It’s hard to see how. Florida’s law allows contributions of up to $1,000 to judicial campaigns, and that limit cannot be significantly lowered (much less banned) without violating the First Amendment. Florida’s law allows judicial candidates to learn who their contributors are and to ask for other kinds of campaign support, including volunteer work and service on their campaign committees.

But a judicial candidate cannot post a request for support on the campaign website, cannot appear before a local civic group to request contributions, and cannot sign a fundraising letter asking for support. In other words, a candidate can accept contributions, just cannot solicit them. But solicitation is just speech.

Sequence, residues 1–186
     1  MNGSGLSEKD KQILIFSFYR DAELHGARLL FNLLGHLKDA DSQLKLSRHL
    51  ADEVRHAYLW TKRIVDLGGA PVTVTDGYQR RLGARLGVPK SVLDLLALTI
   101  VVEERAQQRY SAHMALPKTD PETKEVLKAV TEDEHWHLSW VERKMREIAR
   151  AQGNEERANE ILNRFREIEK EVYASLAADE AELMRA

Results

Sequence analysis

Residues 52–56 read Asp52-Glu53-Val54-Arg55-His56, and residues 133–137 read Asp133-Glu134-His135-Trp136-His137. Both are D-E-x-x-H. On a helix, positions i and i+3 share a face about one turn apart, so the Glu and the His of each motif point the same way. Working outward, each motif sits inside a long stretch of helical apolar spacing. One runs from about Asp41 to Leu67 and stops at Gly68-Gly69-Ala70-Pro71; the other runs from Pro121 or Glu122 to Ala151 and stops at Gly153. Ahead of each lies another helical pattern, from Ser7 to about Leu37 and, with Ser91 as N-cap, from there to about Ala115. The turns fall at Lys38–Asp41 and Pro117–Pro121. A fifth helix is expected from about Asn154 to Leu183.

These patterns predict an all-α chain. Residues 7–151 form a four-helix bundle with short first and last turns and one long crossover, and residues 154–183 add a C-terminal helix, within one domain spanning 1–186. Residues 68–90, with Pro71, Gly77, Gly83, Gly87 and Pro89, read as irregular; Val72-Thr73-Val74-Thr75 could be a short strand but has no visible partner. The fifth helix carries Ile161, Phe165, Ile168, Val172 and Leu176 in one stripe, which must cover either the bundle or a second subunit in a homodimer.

That last restriction is the one that bit Lanell Williams-Yulee, a public defender and first-time candidate seeking election to a county court. She made the mistake of signing a letter announcing her candidacy and asking friends to contribute whatever they could. For that, she was reprimanded and fined by the Florida Supreme Court. Read more »

Winning civil justice for Michael Brown and Eric Garner

By David B. Rivkin Jr. and Andrew Grossman

The quest for justice for Michael Brown and Eric Garner did not end with the decisions of grand juries not to indict the police officers whose actions led to those men’s deaths. Those frustrated by the grand juries’ dispositions can take comfort in knowing that victims of police violence, as well as their families, can get their day in court.